Histidine is an essential amino acid, manufactured in sufficient quantities in adults, but children may at some time have a shortage of this important vitamin.Histidine is also a precursor of histamine, a compound released by immune system cells during an allergic reaction.It is needed for growth and for the repair of tissue, as well as the maintenance of the myelin sheaths that act as protector for nerve cells.
Food sources of histidine
Dairy, meat, poultry and fish are good sources of histidine as well as rice, wheat and rye.

15.Hydroxyproline
Hydroxyproline can be synthesized in the body, making it a non-essential amino acid and is used nearly exclusively in structural proteins including collagen and connective tissue.It was first isolated in 1902 from gelatin. Excretion of abnormal quantities of hydroxyproline is a symptom of the connective-tissue disease called Marfan’s syndrome.

16.Isoleucine
Isoleucine is an essential amino acid and is part of the three “branched chain amino acids” (BCAA) – the other two being leucine and valine. This amino acid cannot be manufactured in the body, and needs to be supplied in the diet and was first isolated in 1904 from fibrin.Isoleucine, together with the other two branched-chain-amino-acids promote muscle recovery after physical exercise and on its own it is needed for the formation of hemoglobin as well as assisting with regulation of blood sugar levels as well as energy levels. It is also involved in blood-clot formation.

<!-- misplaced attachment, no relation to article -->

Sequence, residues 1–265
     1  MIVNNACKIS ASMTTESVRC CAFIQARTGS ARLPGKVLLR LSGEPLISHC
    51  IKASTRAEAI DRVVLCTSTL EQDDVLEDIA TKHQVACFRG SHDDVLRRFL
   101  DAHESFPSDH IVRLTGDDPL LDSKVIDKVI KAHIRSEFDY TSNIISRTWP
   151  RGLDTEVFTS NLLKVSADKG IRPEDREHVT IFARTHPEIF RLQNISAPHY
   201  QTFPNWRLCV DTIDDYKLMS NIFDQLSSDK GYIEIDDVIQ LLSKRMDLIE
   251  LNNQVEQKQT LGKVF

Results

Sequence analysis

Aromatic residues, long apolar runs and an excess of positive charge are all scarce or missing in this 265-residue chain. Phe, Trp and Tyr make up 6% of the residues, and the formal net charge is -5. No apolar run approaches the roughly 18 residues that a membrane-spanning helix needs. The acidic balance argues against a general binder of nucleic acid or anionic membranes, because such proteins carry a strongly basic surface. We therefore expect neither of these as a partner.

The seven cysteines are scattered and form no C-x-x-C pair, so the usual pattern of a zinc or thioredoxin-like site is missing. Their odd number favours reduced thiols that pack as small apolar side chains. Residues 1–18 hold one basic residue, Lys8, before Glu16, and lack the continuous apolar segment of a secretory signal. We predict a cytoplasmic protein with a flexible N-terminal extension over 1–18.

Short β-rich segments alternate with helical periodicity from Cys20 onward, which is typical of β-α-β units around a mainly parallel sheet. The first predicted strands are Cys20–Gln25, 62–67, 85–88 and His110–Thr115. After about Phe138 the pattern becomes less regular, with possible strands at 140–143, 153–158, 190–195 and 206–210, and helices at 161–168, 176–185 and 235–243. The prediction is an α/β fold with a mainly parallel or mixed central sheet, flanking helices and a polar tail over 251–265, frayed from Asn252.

Food sources of isoleucine
It is present in almonds, cashews, chicken, eggs, fish, lentils, liver, meat.

17.Leucine
Leucine is an essential amino acid, which cannot be manufactured in the body and is part of the three branched-chain-amino-acids. Supplements and protein powders that contain leucine are used extensively by bodybuilders and other athletes to promote muscle recovery, although it has not produced significant changes in body composition.Leucine helps with the regulation of blood-sugar levels, the growth and repair of muscle tissue (such as bones, skin and muscles), growth hormone production, wound healing as well as energy regulation. It can assist to prevent the breakdown of muscle proteins that sometimes occur after trauma or severe stress.
Food sources of leucine
It is found in protein foods, as well as brown rice, beans, nuts and whole wheat.